Informational interviews are top-tier resources for gaining career advice and setting an action plan for starting or propelling your career. They represent an opportunity to learn more about a role, career path, company, or industry. If you have any of these defined, but you want to know more about how they actually are in the day-to-day, then meeting with someone already developing in those conditions is the best way to get some perspective and real-life evidence.
An informational interview is a meeting in which recent grads, job-seekers, or fresh workers can learn about someone’s real-life experiences working in a determined field or company. A key aspect to keep in mind is that these interviews are merely informative. It’s not a job interview where you’ll ultimately get a job offer. The main purpose of informational interviews is to gain insight and valuable career advice.
Dorie Clark, author of Stand Out Networking, stated that informational interviews are essential for finding out more about the type of industry, company, or role you’re interested in. Talking with someone from the inside will allow you to test your assumptions, give your profile exposure, and get your name out there in the job market.
If you’re skeptical of how much time and effort is worth sourcing, reaching out, and meeting with a person involved in the company or industry you’re interested in, keep in mind you’ll be getting first-hand advice about career moves, skills to put on your resume, or responsibilities of the role you’re seeking. So think twice when you feel it’s not worthwhile.
In case you need more reasons to convince yourself of the importance of requesting an informational interview, here are other major benefits.
Conducting an information interview involves various stages. From sourcing and reaching out to a professional involved in the company or career you’re interested in, scheduling time for the meeting, and drafting your questions, here are some of the most common informational interview phases.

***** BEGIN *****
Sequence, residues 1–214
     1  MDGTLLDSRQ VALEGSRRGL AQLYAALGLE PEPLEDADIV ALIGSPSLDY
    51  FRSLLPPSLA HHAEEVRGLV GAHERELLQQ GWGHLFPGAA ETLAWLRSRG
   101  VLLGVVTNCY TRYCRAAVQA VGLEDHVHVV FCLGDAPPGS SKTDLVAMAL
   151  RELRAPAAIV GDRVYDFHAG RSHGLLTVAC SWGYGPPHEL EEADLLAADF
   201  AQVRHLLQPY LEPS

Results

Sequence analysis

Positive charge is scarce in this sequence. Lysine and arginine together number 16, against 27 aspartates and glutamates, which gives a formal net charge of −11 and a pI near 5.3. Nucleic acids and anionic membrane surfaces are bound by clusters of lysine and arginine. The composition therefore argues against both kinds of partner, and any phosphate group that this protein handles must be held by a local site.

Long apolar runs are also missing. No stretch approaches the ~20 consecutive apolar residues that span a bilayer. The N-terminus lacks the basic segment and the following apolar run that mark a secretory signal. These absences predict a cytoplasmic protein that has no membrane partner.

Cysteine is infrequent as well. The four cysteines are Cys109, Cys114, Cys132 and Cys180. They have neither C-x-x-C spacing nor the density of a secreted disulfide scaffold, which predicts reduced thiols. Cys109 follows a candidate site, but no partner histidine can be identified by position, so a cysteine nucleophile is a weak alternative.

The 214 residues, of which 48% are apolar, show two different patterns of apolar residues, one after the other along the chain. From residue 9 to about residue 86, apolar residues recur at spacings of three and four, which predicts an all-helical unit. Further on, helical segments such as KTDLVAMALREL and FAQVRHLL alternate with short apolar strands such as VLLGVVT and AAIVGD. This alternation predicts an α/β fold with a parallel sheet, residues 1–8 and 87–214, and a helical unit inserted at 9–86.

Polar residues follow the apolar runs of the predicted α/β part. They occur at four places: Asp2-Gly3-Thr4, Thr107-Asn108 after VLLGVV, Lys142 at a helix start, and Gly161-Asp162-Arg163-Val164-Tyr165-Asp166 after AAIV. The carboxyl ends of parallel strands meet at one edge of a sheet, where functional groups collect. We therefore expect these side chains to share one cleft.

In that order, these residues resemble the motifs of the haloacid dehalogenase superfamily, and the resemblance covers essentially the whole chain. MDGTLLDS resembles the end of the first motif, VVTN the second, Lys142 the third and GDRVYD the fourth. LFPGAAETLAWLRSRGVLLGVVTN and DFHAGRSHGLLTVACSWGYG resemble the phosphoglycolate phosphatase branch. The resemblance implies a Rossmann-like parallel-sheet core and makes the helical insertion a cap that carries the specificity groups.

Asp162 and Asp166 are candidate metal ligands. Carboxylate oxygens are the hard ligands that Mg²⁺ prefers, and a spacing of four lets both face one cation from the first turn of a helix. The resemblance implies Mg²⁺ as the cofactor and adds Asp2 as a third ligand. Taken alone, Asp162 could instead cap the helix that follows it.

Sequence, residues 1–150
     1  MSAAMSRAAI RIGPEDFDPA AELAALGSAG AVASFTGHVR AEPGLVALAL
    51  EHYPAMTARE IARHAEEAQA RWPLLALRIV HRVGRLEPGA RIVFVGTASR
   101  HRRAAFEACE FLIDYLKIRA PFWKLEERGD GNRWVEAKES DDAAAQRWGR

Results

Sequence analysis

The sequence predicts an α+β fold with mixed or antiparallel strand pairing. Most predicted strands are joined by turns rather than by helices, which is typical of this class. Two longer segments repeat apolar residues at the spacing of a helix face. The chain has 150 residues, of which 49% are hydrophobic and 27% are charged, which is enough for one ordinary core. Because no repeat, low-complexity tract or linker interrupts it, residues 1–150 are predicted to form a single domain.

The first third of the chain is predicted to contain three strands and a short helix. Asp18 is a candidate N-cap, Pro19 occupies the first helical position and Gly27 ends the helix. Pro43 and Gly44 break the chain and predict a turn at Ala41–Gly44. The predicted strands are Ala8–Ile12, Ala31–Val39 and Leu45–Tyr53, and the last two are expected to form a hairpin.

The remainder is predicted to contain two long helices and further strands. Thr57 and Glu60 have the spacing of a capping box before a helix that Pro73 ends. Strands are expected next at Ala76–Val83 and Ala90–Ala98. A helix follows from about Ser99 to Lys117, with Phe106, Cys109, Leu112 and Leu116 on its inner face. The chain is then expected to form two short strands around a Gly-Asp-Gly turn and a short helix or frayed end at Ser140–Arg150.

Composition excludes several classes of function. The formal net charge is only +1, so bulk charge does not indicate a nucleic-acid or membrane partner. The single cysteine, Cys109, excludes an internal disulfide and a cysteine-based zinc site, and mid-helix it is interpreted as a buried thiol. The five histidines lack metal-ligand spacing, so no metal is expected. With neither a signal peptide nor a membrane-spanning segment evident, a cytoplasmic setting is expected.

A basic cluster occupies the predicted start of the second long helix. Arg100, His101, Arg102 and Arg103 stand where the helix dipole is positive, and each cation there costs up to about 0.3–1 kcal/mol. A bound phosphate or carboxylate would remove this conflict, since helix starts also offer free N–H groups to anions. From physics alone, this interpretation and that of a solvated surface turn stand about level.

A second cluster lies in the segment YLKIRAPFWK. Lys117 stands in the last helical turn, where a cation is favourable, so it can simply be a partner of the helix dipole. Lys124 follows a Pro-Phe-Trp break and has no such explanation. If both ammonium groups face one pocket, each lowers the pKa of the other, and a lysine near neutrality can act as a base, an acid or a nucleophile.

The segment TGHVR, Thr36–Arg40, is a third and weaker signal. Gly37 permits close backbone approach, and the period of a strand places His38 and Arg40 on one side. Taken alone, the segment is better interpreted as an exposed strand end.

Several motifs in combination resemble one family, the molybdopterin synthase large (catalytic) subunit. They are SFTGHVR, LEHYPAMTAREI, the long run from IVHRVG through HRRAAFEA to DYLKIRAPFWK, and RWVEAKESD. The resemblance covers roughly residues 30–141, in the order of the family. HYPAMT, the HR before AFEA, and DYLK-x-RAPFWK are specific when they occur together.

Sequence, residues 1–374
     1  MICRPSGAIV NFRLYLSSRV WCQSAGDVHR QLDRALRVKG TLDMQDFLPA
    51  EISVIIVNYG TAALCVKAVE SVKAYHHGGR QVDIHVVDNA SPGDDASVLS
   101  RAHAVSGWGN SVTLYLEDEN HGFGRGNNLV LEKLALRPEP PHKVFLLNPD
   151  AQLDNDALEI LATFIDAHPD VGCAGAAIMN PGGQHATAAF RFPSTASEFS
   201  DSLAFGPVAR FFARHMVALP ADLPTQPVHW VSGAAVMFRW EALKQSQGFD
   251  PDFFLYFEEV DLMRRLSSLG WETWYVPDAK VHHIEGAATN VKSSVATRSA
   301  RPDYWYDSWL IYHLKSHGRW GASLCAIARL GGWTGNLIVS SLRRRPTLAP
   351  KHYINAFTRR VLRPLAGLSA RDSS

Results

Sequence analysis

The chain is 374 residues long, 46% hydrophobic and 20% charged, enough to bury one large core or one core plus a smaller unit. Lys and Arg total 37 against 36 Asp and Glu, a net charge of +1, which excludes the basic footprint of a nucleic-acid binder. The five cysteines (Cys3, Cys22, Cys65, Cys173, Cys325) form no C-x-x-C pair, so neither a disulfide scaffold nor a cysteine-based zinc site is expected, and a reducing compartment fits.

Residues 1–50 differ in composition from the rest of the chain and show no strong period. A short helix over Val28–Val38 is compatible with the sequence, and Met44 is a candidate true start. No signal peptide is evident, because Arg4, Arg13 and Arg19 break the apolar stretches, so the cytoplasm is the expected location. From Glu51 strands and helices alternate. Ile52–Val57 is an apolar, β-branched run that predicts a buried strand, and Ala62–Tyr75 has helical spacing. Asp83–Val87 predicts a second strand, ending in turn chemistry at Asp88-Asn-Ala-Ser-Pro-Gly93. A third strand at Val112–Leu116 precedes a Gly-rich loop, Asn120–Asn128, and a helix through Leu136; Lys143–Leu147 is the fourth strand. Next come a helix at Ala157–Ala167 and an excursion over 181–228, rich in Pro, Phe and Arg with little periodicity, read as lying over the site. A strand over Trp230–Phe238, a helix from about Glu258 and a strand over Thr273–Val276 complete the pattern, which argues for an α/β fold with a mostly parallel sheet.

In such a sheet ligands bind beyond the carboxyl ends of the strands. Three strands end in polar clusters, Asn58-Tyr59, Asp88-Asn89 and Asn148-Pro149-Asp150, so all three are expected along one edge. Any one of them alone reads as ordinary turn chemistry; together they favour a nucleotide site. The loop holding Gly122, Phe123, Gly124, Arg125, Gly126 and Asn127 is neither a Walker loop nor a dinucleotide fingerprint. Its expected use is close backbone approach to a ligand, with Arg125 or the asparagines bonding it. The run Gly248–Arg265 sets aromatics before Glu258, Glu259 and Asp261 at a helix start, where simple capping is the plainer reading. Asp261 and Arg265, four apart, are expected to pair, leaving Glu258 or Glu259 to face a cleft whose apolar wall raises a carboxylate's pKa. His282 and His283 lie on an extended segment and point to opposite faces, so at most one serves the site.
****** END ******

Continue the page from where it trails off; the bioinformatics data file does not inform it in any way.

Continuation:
Stage zero of the informational interview process is to imagine your ideal career path; from finding the right industry to get into, a proper entry-level position, and the ideal company you’d like to work with in the peak of your career. Online research is the best method to learn about your areas of interest. Having a clear picture of these aspects will also allow you to know what information would be helpful for career advice.
For this phase of your informational interview prep, you can start with people you already know: colleagues, professors, or former employers. Another option is to source through LinkedIn, or your college alumni network a professional whose background, company, or industry aligns with your career path. Once you’ve found them, reach out, introduce yourself, and make an informational interview request.
You’ll need to prepare for the meeting once you’ve gotten the yes from your outreach request. Start by writing down a set of topics and questions in order of priority. If the conversation flows differently than expected, you can adjust as needed, but this script will allow you to guide the conversation.
Remember that your goal in an informational interview is to learn as much as possible and build a relationship, so let the conversation run its course instead of sticking to the questions.
Whether you’re meeting in person or virtually, be aware of these good practices for your informational interview:
Another pro tip for informational interviews is to kick things off with small talk. It can be about your interests, location, education, background, etc. This will also make the conversation more genuine and human so it doesn’t feel like an investigative interview. Last but not least, remember to thank your interviewee for taking the time to chat with you.